3. Production of energy from biomass, including use of agricultural residues and waste to produce solid biofuels and biogas.

The options were refined into a series of technological solutions tailored to each of the value chains. These relied on electricity generated through PV to pump irrigation water, power cooling units and run processing mills and drying facilities. In the dairy and the horticulture value chains, the green energy was used for pasteurizing and packaging milk, and processing tomatoes.

Calculations were made for each process regarding the potential for scaling up and for contributions to climate change mitigation.

Potential impacts of renewable energy interventions

It was established that increased adoption of renewable energy technologies would reduce greenhouse gas emissions, promote a more sustainable agriculture sector and contribute to mitigating global climate change. Simultaneously, this would reduce levels of poverty through modernization of agrifood chains, fostering local entrepreneurship and creating job opportunities in line with Uzbekistan's poverty reduction goals. Through improvement of irrigation infrastructure, making energy supply more reliable and affordable, crop production would be increased and improvements would result from better storage facilities for perishable products.

A square baler - one of the interventions assessed was use of PV-powered balers to produce dehydrated alfalfa bales. © Ben Franske

The challenges ahead

Successful implementation of the suggested interventions will rely on increasing awareness about renewable energy technologies among the proposed beneficiaries. Currently, many farmers are unlikely to be familiar with advanced technologies and could be hesitant in adopting them. Limited access to the renewable energy technologies represents another potential stumbling block. Even if these two barriers can be surmounted, there remain issues of finance, specifically obtaining loans from local financial institutions.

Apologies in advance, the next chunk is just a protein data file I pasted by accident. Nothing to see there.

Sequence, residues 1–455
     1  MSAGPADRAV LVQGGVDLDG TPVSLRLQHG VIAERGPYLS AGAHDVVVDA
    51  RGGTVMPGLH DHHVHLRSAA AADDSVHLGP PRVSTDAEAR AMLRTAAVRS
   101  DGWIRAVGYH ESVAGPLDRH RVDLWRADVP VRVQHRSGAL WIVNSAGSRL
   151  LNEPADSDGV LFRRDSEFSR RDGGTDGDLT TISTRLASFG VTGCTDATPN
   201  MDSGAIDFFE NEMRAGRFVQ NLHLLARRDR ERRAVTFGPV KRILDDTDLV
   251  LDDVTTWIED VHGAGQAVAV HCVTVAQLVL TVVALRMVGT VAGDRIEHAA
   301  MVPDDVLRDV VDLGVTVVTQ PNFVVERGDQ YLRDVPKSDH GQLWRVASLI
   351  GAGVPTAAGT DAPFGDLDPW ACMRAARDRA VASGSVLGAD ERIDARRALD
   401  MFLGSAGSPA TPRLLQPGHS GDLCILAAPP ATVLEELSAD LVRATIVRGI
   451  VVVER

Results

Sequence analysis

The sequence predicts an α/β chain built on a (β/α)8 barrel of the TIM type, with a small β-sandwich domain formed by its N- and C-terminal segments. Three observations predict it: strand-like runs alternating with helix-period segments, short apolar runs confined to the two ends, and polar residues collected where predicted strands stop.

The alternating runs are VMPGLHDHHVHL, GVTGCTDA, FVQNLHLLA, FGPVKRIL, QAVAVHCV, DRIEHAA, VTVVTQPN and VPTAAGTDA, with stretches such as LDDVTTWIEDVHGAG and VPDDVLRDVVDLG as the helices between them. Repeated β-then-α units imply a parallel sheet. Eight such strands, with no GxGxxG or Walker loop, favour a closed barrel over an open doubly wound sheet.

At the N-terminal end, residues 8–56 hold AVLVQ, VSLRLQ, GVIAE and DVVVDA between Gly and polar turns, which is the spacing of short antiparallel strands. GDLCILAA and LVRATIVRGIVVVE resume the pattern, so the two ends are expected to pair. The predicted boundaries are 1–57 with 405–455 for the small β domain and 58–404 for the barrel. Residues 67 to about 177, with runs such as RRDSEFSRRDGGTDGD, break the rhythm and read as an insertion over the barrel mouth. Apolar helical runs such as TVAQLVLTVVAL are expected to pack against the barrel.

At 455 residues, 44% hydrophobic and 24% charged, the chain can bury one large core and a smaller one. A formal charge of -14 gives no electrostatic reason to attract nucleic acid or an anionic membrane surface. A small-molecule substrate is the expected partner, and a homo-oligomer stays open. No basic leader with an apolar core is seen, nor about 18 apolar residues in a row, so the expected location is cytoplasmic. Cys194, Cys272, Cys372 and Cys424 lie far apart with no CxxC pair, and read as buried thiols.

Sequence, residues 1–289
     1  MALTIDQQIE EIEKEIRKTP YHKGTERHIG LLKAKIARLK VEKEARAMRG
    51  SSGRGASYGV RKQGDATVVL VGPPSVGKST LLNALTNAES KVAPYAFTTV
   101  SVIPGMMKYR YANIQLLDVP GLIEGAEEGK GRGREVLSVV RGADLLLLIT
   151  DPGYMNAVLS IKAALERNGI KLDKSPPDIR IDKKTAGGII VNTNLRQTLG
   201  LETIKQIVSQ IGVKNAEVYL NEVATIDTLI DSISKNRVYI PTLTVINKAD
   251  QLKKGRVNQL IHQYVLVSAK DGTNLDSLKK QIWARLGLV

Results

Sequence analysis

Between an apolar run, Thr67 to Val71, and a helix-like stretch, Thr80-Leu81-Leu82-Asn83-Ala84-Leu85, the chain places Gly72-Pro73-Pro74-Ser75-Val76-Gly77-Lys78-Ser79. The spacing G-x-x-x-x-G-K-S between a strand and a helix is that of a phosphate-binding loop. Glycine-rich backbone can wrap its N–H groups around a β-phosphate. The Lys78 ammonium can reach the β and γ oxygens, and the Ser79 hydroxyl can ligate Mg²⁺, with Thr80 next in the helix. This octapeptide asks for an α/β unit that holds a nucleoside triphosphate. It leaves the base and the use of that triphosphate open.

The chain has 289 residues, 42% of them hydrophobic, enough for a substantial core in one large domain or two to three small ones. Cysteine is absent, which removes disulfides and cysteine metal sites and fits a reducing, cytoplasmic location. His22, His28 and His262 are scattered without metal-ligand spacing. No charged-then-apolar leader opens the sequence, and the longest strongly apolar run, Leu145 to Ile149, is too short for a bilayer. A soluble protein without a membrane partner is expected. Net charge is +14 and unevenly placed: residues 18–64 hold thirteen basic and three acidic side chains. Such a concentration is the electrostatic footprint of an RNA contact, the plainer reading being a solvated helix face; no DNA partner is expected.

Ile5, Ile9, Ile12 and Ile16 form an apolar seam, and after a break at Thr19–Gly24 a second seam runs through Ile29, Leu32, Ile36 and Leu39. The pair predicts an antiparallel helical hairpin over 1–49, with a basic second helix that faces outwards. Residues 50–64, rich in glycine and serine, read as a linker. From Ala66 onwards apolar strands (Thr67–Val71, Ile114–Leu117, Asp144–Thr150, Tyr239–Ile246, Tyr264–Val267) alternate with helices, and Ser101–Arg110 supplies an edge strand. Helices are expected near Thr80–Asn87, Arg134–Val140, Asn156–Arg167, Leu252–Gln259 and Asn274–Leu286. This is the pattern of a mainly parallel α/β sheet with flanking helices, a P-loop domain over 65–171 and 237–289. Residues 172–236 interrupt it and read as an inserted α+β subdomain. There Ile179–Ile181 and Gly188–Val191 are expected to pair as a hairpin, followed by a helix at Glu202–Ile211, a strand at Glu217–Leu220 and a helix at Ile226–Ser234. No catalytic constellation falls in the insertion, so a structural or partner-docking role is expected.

In order to reduce the risk of low adoption levels, and to support renewable energy market development in Uzbekistan, specific measures are foreseen as part of the project implementation.

  1. Detailed stakeholder mapping to initiate awareness raising, education and engagement of stakeholders for market development (farmers, entrepreneurs and service providers, financial institutions, and local, regional and national authorities).
  2. Design and establishment of a financial facility and technical assistance facility that will support the uptake of new technologies during the infancy of market development.
  3. Technical assistance to help define a favourable regulatory framework that will support innovations during the initial period and promote upscaling and secure a stable regulatory environment that promotes further development of the market though to its maturity.

Looking to the future

Renewable energy technology can help mitigate climate change, reduce fossil fuel dependency and lower energy costs. However, such advanced technologies require substantial investments, which can make them unaffordable. Managing renewable energy technology can also be problematic and there is need for skilled workers and technicians to install, operate and maintain renewable energy systems. However, Uzbekistan is making progress in overcoming these bottlenecks and is set to harness its abundant renewable energy resources and achieve sustainable development of its most important agricultural products.

Related links
Upcoming Report Release: FAO. 2023. Renewable energy interventions in the wheat landscape in Uzbekistan. Environment and Natural Resources Management Working Paper, No. 96. Rome.